University of Dundee

Outer Space | Inner Space

Winter Season: Microscope Marvels!

An interdisciplinary collaboration using research technology to make scientific research accessible to everyone

Outer Space | Inner Space is a science communication venture, creating an adaptable immersive space at the iconic Mills Observatory, supported by an interactive, science outreach programme to promote cutting-edge research from the University of Dundee.

Winter Season at the Mills


Sun 1 October 2017 - Sat 31 March 2018
FREE Admission

This winter, view our exciting interactive screen installation to learn why microscopes are an important tool for scientists and uncover the marvels of the miniature world. Available to view in the Observatory’s Planetarium during public opening hours, except when the space is in use for shows and workshops.


Sat 24 February & Sat 24 March, 1-3pm
FREE. No need to book, just drop in.

Drop in and get involved with science experiments and discover the tools scientists use when they learn more about the wonders of the world! Meet scientists and find out about the amazing research work taking place at the University of Dundee. More details soon.

If you would like to book a group visit and meet with one of our scientists, please contact Schools Outreach Officer on or +44 (0)1382 386 460.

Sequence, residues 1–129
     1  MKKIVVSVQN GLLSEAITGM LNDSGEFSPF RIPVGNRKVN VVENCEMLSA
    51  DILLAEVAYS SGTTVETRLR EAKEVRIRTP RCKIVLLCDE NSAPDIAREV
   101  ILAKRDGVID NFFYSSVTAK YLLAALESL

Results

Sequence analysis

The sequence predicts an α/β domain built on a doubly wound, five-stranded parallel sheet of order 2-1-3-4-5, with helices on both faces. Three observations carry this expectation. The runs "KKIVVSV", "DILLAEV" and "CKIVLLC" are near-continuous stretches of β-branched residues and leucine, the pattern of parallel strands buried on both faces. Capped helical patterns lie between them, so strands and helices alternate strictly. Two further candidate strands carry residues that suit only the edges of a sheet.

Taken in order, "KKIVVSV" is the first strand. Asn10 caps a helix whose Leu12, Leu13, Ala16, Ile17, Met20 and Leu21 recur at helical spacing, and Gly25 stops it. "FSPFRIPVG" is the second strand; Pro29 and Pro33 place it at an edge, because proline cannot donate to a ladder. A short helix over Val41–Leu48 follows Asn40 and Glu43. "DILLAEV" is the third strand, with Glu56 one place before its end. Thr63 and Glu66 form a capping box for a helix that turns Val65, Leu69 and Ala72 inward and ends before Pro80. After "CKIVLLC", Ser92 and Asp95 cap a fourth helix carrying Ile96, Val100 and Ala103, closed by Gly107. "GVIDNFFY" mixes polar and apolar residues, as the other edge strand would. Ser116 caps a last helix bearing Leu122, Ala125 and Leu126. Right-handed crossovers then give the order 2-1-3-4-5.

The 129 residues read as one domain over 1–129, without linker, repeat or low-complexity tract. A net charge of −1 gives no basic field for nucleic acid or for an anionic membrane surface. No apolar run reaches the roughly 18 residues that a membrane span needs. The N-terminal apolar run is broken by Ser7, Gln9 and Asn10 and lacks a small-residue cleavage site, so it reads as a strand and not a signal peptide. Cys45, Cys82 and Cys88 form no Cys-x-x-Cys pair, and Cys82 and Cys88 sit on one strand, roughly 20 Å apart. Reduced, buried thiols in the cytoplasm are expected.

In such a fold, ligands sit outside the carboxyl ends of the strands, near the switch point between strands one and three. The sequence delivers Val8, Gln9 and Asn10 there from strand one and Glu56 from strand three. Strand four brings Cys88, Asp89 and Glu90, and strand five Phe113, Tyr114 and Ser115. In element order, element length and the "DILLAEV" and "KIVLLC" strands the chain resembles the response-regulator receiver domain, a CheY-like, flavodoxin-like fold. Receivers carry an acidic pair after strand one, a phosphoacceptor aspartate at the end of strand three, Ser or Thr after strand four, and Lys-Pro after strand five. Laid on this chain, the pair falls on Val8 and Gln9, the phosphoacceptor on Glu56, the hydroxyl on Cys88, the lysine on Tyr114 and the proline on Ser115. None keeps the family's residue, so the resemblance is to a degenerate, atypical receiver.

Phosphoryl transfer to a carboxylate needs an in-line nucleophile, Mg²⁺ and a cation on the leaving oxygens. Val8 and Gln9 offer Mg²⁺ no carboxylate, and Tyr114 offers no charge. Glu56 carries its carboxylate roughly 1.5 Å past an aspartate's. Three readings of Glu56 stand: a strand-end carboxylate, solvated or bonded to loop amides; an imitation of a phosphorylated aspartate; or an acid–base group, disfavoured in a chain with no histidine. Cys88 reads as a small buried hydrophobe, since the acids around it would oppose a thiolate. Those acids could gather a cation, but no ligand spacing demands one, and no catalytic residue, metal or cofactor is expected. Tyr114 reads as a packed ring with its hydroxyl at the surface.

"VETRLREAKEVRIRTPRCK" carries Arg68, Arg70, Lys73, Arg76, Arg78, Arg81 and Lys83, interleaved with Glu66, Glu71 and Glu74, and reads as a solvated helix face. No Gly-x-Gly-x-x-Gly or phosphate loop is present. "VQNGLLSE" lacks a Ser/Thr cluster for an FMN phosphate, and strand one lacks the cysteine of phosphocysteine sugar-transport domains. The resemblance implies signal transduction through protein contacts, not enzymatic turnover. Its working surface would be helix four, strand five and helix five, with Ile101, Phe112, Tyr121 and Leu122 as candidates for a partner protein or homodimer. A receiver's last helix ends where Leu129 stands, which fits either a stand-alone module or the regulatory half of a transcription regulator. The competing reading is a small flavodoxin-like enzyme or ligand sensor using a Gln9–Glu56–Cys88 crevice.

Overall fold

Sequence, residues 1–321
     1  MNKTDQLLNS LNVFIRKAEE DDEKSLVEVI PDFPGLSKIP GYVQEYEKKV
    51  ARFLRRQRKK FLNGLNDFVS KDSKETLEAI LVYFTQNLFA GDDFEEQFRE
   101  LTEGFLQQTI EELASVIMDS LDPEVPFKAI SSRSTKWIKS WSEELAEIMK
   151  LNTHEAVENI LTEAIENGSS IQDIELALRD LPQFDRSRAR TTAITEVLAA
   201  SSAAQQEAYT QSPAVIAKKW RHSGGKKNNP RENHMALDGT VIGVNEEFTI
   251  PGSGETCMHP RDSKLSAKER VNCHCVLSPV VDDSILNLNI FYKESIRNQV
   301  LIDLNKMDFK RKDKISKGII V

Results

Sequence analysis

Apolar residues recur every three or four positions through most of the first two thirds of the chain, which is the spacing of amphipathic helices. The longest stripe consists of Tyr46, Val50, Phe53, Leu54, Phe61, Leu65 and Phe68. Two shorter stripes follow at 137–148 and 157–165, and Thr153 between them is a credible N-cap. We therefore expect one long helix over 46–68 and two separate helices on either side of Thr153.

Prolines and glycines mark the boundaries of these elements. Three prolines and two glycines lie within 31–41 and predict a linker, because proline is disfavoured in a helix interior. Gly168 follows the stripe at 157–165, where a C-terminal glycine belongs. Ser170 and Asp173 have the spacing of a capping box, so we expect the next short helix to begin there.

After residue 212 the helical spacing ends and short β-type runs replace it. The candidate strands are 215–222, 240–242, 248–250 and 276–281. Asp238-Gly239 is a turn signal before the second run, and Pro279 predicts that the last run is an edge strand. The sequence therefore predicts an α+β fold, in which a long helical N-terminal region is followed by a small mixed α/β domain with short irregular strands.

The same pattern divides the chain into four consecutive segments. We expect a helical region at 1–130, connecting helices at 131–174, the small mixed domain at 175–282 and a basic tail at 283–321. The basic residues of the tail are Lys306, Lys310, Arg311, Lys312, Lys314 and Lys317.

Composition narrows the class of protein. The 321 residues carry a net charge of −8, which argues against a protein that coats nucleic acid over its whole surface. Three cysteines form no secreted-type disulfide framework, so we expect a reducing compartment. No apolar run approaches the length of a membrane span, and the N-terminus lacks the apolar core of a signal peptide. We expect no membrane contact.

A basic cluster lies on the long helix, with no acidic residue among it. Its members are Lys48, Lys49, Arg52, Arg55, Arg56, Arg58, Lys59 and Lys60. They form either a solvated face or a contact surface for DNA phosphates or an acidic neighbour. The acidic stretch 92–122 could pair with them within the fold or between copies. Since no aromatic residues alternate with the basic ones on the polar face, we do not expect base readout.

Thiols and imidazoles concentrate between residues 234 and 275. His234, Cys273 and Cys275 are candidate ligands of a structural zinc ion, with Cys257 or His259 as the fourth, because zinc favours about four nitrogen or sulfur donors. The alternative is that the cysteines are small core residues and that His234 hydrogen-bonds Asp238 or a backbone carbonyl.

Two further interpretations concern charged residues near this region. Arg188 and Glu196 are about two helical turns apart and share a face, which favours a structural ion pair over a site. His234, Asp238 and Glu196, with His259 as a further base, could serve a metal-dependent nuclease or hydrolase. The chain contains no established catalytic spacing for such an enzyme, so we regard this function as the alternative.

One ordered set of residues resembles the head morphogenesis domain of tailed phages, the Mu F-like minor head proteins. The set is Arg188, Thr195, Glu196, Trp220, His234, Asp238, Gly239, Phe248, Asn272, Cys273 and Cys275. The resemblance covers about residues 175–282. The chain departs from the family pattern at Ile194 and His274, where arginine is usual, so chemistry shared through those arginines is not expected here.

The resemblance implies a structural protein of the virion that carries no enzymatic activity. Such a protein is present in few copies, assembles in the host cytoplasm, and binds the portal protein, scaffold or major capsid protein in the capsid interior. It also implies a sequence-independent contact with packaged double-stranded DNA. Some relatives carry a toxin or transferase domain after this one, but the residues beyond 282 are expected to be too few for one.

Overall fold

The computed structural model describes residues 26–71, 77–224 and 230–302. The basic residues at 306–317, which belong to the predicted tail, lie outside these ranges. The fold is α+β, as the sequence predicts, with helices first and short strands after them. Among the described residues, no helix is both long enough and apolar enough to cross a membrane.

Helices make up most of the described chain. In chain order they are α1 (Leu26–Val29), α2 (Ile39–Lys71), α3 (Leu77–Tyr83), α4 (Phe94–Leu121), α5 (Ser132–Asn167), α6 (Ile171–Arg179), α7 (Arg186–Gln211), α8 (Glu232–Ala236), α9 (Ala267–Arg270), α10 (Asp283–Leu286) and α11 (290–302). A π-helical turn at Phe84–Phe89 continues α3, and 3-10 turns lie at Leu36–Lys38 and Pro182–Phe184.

About Outer Space | Inner Space

The Mills Observatory in the heart of Dundee provides a unique location to develop, trial and offer public engagement activity that is immersive, uses multimodal-presentation techniques through a room-filling visual presentation screen, allowing visitors of all ages and abilities to engage with and explore the wonders of the research taking place in the School.

This ambitious project is funded by the Centre for Gene Regulation and Expression (GRE) at the University of Dundee by a Strategic Grant from the Wellcome Trust. In partnership with Leisure and Culture Dundee and Dundee City Council this project has been developed in collaboration with the School of Science and Engineering’s Augmentative and Alternative Communication (AAC) Research Group and with input from researchers from across the University.

The new facilities allow accessible, interactive exploration of University research. The technology used will also ensure that all audiences, especially people with disabilities, can experience and interact with the installations.

Further information about OSIS can be found in the Sharing Science section of the GRE website.